He trained as a "hot shellman" on a 3-inch, 50-caliber, dual-purpose gun, weaponry that often saw service in WW II on the stern of U.S. merchant ships with Armed Guard units.
After extensive work on a gun-loading machine with no live firing, Dion was ordered to the Naval Training Station at Newport. There, a contingent of 400 men, mainly Naval Reservists from New England, received orders to Norfolk, Virginia. The New England Reservists, along with others from Pennsylvania, boarded the ocean liner SS America, flagship of the U.S. Lines, then in the process of becoming the USS West Point.
The Skinner Lithograph of SS America
That ship would become Dion's home for the next three years! It was commissioned into the U.S. Navy on June 15, 1941. As the West Point, she sailed from the Chesapeake Bay in early July to New York City. On a U.S. State Department mission, she then made for Portugal, to repatriate 137 Italians and 327 Germans from consular duty in the U.S.; she arrived in Lisbon on July 23, 1941.
At dockside there were stirring band tunes and heel-clicking Nazi salutes. West Point then embarked 321 U.S. citizens and 67 Chinese citizens for passage to New York, arriving Aug. 1, 1941. The objective was the repatriation of U.S. citizens. West Point also took aboard the Chinese citizens returning from duty in Europe's embassies where Japan's role as part of the Axis powers made the Chinese persona non grata.
After four days of liberty for West Point's crew in New York, the ship was sent back to Newport News, Va., to have her troop carrying capacity increased to 6,000. All sea travel would now require "darken ship." It would be four years before a U.S. warship would steam the oceans again with running lights.
Next for West Point came underway training exercises conducted with two other ex-U.S. flag ocean liners, the USS Mount Vernon ,and the U.S. Coast Guard-manned, USS Wakefield. Dion, promoted to seaman second class, joined a deck division and was assigned to a boat crew while he studied to become a seaman first class.
On November 3, 1941, West Point's crew was assembled and told of an upcoming cruise in dangerous waters. Putting to sea with Mount Vernon, Wakefield, and the Orizaba, another converted passenger liner, the West Point headed to at Halifax, Nova Scotia.
Also arriving in Halifax in early November days, were British transports escorted by U.S. destroyers that took over convoy duties at a mid-ocean handoff from the British Navy. Aboard was the 18th British Division of the 2nd Territorials. On Nov. 8 and 9, the West Point took aboard 241 officers and 5,202 men of the 55th Brigade, consisting of the 1st Battalion Cambridgeshires Regiment, 1/5 Battalion Sherwood Foresters, and 5th Battalion Bedfordshire and Hertfordshire 'Beds and Herts,' along with 100 men from a U.S. Army Field Service company. About 20,000 British military personnel went aboard five U.S. troop ships those two November days.
The battle-equipped Territorials on West Point would be taking two meals a day, 1,600 men at a time, all standing.
A small fleet headed south into the Atlantic on Nov. 10, 1941. The convoy now included attack transports USS Leonard Wood and Joseph T. Dickman. Warship escorts joining at sea included the U.S. aircraft carrier Ranger, heavy cruisers Vincennes and Quincy, plus U.S. destroyers from three different divisions. The Navy oiler Cimarron joined on November 19 to refuel the destroyers during long South Atlantic segments.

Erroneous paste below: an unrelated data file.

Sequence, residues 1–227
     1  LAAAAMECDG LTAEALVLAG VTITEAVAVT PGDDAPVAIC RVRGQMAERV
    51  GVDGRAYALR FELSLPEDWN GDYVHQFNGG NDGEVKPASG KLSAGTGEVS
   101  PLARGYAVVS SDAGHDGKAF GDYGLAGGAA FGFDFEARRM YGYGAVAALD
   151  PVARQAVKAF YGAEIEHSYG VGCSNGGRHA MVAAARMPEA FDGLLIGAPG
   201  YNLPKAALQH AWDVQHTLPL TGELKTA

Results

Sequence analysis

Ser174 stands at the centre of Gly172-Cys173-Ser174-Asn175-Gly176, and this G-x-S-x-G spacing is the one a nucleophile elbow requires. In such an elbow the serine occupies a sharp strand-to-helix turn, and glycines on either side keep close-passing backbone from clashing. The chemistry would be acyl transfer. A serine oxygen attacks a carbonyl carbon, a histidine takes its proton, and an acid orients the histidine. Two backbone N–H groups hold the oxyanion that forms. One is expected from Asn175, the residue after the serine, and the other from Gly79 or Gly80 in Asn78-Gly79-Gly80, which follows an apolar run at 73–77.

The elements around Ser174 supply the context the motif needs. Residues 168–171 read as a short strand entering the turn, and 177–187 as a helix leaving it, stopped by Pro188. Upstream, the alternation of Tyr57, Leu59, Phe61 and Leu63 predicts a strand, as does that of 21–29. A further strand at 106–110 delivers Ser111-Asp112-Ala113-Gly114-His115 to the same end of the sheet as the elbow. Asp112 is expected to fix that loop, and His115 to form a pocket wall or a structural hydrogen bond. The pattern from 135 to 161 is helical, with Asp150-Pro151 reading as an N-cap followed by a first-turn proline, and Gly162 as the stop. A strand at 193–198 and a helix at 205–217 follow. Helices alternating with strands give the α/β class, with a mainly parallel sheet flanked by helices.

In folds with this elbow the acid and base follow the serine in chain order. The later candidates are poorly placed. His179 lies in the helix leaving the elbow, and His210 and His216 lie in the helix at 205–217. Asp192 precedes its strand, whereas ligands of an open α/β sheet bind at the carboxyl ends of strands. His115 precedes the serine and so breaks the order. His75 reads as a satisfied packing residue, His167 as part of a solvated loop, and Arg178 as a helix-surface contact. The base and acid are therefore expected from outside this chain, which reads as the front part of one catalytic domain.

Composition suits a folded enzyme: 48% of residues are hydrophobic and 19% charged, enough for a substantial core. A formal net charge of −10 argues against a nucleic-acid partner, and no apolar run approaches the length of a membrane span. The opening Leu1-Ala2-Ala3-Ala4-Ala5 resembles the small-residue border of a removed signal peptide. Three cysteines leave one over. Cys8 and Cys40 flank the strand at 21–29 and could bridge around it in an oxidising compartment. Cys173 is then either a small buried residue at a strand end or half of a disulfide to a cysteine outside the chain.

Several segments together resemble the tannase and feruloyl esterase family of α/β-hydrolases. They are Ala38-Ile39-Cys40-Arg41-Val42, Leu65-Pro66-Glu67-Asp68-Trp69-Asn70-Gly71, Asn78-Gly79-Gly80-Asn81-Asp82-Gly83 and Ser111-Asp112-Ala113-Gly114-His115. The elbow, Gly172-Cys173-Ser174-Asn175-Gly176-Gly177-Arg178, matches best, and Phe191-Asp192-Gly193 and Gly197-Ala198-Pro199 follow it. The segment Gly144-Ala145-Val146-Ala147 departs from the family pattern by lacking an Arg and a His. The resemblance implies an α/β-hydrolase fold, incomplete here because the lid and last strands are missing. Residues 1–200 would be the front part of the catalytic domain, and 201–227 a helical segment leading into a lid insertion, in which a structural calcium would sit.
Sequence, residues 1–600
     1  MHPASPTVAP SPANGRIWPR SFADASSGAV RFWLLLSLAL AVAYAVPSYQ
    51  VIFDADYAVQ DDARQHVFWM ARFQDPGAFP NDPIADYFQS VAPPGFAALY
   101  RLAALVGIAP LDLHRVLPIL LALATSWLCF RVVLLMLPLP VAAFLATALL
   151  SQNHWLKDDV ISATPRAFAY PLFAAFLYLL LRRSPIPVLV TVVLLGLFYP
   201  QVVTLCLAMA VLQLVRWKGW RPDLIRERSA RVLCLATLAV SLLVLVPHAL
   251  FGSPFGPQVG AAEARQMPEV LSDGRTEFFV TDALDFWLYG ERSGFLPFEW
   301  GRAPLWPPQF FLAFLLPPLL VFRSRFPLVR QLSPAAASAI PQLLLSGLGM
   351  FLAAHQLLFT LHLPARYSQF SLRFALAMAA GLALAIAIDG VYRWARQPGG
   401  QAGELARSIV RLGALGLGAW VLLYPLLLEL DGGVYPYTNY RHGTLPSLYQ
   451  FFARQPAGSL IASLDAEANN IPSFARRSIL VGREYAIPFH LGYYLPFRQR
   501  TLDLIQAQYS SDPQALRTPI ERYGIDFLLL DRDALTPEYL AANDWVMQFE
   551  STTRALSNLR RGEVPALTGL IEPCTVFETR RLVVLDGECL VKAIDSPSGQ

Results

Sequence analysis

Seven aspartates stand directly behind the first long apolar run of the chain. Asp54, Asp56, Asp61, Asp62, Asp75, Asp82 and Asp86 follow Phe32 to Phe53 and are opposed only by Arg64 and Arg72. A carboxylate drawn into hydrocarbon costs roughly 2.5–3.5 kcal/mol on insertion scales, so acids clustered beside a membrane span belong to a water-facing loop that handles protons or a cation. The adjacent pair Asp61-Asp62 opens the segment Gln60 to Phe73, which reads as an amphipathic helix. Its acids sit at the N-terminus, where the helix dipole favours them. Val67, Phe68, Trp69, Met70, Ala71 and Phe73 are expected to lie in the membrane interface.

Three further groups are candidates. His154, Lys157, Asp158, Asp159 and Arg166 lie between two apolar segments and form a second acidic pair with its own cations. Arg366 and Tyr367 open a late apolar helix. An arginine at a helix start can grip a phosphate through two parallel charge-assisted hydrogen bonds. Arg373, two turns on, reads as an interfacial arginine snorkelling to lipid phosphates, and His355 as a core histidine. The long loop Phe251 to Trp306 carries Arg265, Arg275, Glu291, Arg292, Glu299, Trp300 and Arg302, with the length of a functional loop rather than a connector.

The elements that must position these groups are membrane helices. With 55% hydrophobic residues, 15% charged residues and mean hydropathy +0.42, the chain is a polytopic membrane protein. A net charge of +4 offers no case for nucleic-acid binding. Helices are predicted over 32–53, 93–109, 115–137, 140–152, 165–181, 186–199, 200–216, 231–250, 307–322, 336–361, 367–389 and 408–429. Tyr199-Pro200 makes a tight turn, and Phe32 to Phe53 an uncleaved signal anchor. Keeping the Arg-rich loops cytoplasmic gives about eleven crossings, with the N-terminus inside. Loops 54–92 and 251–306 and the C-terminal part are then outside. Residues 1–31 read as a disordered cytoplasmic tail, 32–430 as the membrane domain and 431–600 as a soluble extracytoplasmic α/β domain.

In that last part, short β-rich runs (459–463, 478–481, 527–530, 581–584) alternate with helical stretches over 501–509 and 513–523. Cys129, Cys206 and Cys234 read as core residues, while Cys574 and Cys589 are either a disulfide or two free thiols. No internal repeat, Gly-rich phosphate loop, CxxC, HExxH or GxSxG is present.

The convoy's anti-submarine warfare screen consisted of eight U.S. destroyers, Wainwright, Moffett, McDougal, Winslow, Mayrant, Rhind, Rowan, and Trippe.
As the ships entered equatorial waters, 300 soldiers aboard West Point became ill. By Port Au Spain, Trinidad, the sick numbered almost 600 as West Point anchored on November 17 and took on fuel and stores. By this time, those aboard knew the next destination would be Capetown, South Africa.
The convoy headed further into the South Atlantic. Dion left his deck division on December 2, 1941, to report as a quartermaster-striker in the Navigation Department. His new mentors would be experienced officers who had shifted from the Merchant Marine to the Navy. He had also just completed the first of what would be 30 wartime crossings of the equator aboard West Point!
Deep in the South Atlantic, the U.S. carrier Ranger, escorted by U.S. destroyers Trippe and Rhind, departed the convoy. Cruisers Quincy and Vincennes had been released earlier. (Ranger, Quincy and Vincennes would be heading to duty in the Pacific.)A storm that punished the escorts more than the transports delayed the convoy off the coast of South Africa.
By the time the convoy reached Capetown on Dec. 9, 1941, the U.S. and Britain were at war with Japan!
Aware that the Japanese attack on Pearl Harbor had occurred on Deember 7, dock hands at Capetown inquired of West Point's crew, "How did you get here so quick?"
Dec. 10, one day after WS-12X arrival at Capetown, Germany and Italy completed the deadly alignments of World War II, declaring war on the United States. On December 10, 1941, far east local date, Japanese aircraft sank HMS Prince of Wales and HMS Repulse.
SS America in war clothes as USS West Point AP23
Short cut to John Dion's part 2 of this voyage. But, this became a three part story!
So, I suggest you read picwar14.htm next. You will discover what a web-reader discovered when he read the full two-part story of USS West Point's First War Cruise. This reader then intervened to tell me a story only he could tell. He was able to add a third part of the story of the USS West Point's First War Cruise, a part that originated in time just days before the USS West Point arrived at Singapore. This reader, now living in Australia, tells how his mother shipped aboard West Point, and how she and West Point and Wakefield cruised the next leg of their respective journeys, escaping the Japanese.
None of these tellings would have occurred without Quartermaster John Dion's original story. Adapted by Franklyn E. Dailey Jr. Capt. USNR (Ret); Revised August 4, 2011.